Onion - When To Plant
When To Plant
Sweet corn requires warm soil for germination (above 55°F for standard sweet corn varieties and about 65°F for supersweet varieties). Early plantings of standard sweet corn should be made at, or just before, the mean frost-free date unless you use special soil-warming protection such as clear polyethylene mulch film.
For a continuous supply of sweet corn throughout the summer, plant an early variety, a second early variety and a main-crop variety in the first planting. For example, you may wish to select Sundance (69 days) for the first early variety, Tuxedo (75 days) for the second early variety and Incredible (83 days) for the main-crop variety. Make a second planting and successive plantings of your favorite main-crop or late variety when three to four leaves have appeared on the seedlings in the previous planting. Plantings can be made as late as the first week of July.
Onions can be planted as soon as the garden can be tilled in the spring, usually late March or early April in prime regions for producing onions. Good fertility, adequate soil moisture and cool temperatures aid development.
Spacing & Depth
To produce green onions, plant the larger sets 1 _ inches deep and close enough to touch one another (green onions are harvested before crowding becomes a problem). To produce dry onions, plant the smaller sets 1 inch deep, with 2 to 4 inches between sets. Allow 12 to 18 inches between rows. If sets are 2 inches apart, harvest every other plant as green onions so that bulb development of the remaining sets is not impeded by neighboring plants.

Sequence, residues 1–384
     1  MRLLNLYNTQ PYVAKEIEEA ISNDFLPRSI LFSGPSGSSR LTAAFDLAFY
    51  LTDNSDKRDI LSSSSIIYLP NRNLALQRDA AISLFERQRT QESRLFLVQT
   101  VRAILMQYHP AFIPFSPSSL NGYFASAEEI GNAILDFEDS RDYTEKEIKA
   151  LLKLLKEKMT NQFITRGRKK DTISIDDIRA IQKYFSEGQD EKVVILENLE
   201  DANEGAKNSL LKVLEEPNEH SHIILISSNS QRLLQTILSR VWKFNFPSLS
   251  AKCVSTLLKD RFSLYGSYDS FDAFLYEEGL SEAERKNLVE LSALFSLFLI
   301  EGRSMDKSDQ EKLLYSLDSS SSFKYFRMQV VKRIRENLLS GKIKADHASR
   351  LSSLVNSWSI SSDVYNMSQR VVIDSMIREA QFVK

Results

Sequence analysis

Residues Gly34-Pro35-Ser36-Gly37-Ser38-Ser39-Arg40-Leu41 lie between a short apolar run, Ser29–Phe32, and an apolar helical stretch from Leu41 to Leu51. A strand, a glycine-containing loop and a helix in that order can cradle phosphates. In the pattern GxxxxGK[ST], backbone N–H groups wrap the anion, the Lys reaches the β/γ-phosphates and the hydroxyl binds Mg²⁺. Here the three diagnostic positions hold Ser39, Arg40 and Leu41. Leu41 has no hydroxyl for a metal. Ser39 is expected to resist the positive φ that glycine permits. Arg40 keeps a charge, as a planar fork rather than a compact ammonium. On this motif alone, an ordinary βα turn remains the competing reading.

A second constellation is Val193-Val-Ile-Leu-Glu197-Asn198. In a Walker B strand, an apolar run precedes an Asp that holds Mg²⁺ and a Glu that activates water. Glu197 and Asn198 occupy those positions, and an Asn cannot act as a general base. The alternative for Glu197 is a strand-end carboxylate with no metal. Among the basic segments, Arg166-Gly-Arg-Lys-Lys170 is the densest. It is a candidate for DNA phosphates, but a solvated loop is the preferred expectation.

Plant in fertile soil in early spring. Space the plants 4 to 5 inches apart in the row to produce large-sized bulbs (closer spacing significantly decreases bulb size) or space 2 to 2 _ inches apart and harvest every other plant as a green onion. Allow 12 to 18 inches between rows or space onions 6 to 8 inches apart in all directions in beds. Set the transplants 1 to 1 _ inches deep and apply 1 cup per plant of a starter-fertilizer solution.
Keep onions free from weeds by shallow cultivation and hoeing. To develop long, white stems for green onions, slightly hill the row by pulling the loose soil toward the onions with a hoe when the tops are 4 inches tall. Do not hill onions that are to be used as dry onions. Hilling may cause the necks of the stored bulb to rot.
Weeds and grass compete with the onion plants for nutrients and moisture during the growing season. Remove all weeds and grass by diligent and repeated shallow cultivation and hoeing. Side-dressing with fertilizer may be necessary.